It was rainy season in August, which meant that in the mountains of Sagada, it was cold and grey, just how we like it. But even though the weather was cold, we were told to wear comfortable clothes that are easy to move in. We were both decked in a light top and shorts. Our kuya guide told us not to worry about freezing our asses to death because going through the cave will make our bodies warm.
And boy did that damn cave keep us warm. Cave Spelunking in Sagada is one of the most dangerous things that you can do WITHOUT ANY gear of ANY sort. We forced our bodies into tiny little spaces between rocks that I didn’t even know a human can fit in…
We’ve used both our hands and feet and at times, even stepping all over our guide’s entire body, just to get through to the next spot…. We had to wade through rocks, mud, water and even bat shit… We had to climb up high rock formations by using a rope or our arms, without even any sort of safety net below…
We had to slowly crawl our way down on the sides of very tall and almost vertical rock slopes (again without any safety net or rope to hold on to)… It was ridiculously the most extreme cave spelunking I’ve ever done, but oh my God I loved EVERY minute of it!!!
There was also a really cool mini pool inside the cave. The water was ridiculously cold and we were FREEZING. There were a bunch of French guys who were taking turns diving into the pool. Our guide said it was perfectly safe because even though the pool was small, it was really really REALLY deep. This was legit because five steps into the lake, and my short Asian height was swallowed up by the water. We went into the water even though we were already freezing as it is, because when else can you experience something like this? Poor Stefan who hates cold water with a passion, ended up cursing in Serbian for the entire time we waded around the pool. haha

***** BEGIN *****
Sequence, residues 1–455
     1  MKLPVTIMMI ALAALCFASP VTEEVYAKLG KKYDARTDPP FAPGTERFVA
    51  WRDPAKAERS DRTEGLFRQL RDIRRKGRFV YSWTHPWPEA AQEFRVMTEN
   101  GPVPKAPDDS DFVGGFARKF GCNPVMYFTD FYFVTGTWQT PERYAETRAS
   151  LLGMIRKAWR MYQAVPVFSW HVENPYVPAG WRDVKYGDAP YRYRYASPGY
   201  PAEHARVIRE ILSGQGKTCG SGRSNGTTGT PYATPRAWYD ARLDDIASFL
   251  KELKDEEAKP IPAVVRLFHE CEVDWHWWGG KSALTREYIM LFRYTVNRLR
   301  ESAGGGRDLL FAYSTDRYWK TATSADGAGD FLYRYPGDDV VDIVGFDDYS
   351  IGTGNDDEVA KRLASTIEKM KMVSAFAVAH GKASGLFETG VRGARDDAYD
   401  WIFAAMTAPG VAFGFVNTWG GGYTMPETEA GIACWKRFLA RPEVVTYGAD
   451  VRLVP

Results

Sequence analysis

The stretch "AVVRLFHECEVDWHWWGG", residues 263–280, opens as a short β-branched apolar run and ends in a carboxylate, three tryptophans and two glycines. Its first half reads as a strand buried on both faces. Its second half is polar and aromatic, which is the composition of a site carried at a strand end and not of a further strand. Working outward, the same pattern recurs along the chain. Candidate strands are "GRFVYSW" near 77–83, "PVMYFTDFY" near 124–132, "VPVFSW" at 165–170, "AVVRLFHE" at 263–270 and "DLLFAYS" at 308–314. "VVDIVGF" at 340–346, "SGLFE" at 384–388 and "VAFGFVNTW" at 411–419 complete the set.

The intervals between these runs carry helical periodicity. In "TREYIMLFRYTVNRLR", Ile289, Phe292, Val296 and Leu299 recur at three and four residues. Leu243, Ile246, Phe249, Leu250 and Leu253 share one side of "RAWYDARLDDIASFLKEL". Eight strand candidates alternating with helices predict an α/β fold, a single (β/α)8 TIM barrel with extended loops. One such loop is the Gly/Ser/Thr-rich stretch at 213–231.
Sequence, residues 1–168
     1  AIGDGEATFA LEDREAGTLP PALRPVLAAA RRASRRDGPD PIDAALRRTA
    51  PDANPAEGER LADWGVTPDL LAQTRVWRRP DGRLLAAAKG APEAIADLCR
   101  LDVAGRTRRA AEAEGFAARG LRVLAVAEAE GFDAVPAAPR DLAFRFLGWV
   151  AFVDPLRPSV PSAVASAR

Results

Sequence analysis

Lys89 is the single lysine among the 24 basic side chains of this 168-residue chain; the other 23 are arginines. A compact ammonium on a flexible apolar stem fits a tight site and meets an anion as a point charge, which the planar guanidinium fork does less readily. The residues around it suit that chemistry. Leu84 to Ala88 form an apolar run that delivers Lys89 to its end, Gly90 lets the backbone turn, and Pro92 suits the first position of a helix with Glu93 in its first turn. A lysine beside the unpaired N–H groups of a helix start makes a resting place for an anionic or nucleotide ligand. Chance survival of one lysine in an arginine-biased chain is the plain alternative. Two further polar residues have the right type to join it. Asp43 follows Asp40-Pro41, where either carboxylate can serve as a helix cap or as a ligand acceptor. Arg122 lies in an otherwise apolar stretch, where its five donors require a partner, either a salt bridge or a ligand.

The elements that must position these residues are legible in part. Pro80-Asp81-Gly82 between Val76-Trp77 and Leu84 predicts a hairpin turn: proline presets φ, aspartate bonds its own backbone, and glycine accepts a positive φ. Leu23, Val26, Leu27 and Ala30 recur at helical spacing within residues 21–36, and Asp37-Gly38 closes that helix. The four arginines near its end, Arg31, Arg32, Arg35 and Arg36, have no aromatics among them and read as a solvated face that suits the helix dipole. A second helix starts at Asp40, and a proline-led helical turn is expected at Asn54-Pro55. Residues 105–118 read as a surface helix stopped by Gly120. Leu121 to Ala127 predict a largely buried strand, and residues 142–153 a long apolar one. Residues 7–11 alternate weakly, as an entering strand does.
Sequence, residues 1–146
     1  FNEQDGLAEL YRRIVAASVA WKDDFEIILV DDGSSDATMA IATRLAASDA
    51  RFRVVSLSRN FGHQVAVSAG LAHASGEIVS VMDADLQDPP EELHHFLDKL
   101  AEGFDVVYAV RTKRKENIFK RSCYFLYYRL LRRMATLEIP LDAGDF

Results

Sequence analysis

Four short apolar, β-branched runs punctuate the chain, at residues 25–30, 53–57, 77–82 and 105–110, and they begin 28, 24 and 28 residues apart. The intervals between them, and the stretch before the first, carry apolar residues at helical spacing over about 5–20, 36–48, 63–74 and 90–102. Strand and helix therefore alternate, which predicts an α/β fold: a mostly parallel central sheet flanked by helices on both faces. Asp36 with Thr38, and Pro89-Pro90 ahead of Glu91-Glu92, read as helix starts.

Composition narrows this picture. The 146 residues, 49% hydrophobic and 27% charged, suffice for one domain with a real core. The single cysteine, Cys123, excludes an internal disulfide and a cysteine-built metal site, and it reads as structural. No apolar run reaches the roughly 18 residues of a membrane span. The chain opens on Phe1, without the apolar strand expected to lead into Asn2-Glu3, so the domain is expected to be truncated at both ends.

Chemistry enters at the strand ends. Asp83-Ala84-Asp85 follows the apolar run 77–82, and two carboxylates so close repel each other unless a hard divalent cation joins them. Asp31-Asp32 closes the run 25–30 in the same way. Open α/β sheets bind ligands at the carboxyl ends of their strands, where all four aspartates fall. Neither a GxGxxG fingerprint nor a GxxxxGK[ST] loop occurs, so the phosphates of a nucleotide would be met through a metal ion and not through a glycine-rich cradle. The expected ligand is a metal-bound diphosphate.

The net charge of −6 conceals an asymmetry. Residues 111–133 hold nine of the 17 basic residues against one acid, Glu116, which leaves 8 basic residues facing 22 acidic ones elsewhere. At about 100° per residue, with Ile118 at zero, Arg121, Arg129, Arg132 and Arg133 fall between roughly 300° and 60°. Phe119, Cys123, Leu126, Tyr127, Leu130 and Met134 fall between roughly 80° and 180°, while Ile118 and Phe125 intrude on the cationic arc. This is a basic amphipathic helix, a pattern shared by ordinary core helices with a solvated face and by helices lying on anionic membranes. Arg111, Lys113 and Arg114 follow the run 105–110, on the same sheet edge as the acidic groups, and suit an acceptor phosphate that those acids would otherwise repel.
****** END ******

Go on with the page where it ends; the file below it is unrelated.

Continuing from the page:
The rock formations, stalactites, stalagmites and everything else found inside a cave were stunning!! I was amused cause there were also some funny rock formations that would make people with green and dirty minds absolutely entertained. haha.
We ended the day with a 30 minute walk back to the city proper. After freshening up, we found a tiny little piece of heaven called “SAGADA BREW”. Sagada Brew is a café restaurant that looks simple on the outside, but turned out to be one of the best gems that we loved about Sagada. We loved EVERYTHING about the place…
Its ambience, interiors, the music, and don’t even get me started on the food… Sagada Brew Café/Resto is such a wonderful dream, I highly recommend spending time there if you find yourself in Sagada. I still dream about those sandwiches and the best hot chocolate ever. The service is also amazing, and the owner of the restaurant is such a nice and kind man who always makes us feel welcome, but isn’t intrusive at the same time. To this day, it remains to be my favorite café resto and it’s quite funny that I had to find it in the high mountains of the Philippines.
Overall, I am quite happy about the very quick Banaue-Sagada trip. Looking back I now consider it to be one of the most favorite trips I’ve ever had. And yes, I say that with positivity despite the horrible 9 hour monobloc ride. Haha. So locals and foreigners alike, if you want a great adventure with nature, please book yourself a Banaue-Sagada trip (and make sure Cave Spelunking is included hihi). It’s so worth it, I would actually go there again—with or without a 9 hour monobloc ride.